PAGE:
I am a visual learner, and every time I want to learn something new, I have to draw it out to see it first hand. It’s the same thing when teaching children about money. They need to start with a physical object before moving on to more abstract ideas.
- Demonstrate to them that it must be earned.
My parents always reminded me why they needed to work to buy groceries. So, growing up, I began to equate work with buying things.
Because money is frequently unseen, it is critical to have these conversations with children to make them realise that money must be earned and that it is a vital factor in purchasing the things we require.
Explaining why you need to go to work could suffice. Alternatively, you might go a step further and reveal how many hours you had to work to pay for a particular item, such as the food on your table, their shoes, toys, and so on. It’s interesting how frightening it is (even for adults) when we compute how much time we’ve traded merely to get various products.
The goal behind this is to instil in your children that the things we have in our lives do not come for free and to help them understand why money is necessary.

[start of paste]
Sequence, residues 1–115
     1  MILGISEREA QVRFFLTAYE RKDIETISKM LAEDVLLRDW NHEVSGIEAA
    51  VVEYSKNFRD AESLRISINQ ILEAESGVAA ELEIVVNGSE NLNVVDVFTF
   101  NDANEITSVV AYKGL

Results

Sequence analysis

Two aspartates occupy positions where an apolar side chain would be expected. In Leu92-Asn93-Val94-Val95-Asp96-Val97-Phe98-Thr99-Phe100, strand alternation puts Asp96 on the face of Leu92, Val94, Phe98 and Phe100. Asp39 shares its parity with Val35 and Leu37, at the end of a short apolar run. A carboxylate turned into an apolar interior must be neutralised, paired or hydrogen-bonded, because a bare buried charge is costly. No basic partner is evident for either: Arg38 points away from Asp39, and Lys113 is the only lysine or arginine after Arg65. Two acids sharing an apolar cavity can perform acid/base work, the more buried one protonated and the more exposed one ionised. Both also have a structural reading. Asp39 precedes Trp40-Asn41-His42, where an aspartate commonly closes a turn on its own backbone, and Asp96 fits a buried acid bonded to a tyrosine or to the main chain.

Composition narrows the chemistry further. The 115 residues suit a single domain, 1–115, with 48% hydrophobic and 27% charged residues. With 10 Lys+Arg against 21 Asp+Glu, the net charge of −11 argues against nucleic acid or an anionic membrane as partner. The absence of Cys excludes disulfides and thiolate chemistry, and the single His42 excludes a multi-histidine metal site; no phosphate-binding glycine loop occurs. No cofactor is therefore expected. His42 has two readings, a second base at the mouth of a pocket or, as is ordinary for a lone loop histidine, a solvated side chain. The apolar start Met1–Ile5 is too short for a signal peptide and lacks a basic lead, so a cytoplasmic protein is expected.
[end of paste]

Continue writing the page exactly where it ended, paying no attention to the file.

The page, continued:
- Let them earn their own money.
Although I was aware that money had to be earned, I didn’t fully appreciate its worth until I began making my own.
If your children are old enough, you could advise that they may find a part-time weekend or evening job to start earning money. If they’re still young, consider providing them with a stipend in exchange for helping out around the house. I just started it with my kids and put it in their jar.
Children must understand that money is something they earn rather than something they receive for free. Everyone values something they have worked for far more than anything they have received for free, and children are no exception.
Yes, they may gripe and complain about how unfair life is – if they do, pat yourself on the back because you’re teaching them a good life lesson! Life isn’t fair, and nothing is free.
A little ‘tough-love’ now and again will help kids grow into responsible people who understand that they must work for what they want and value the money they earn.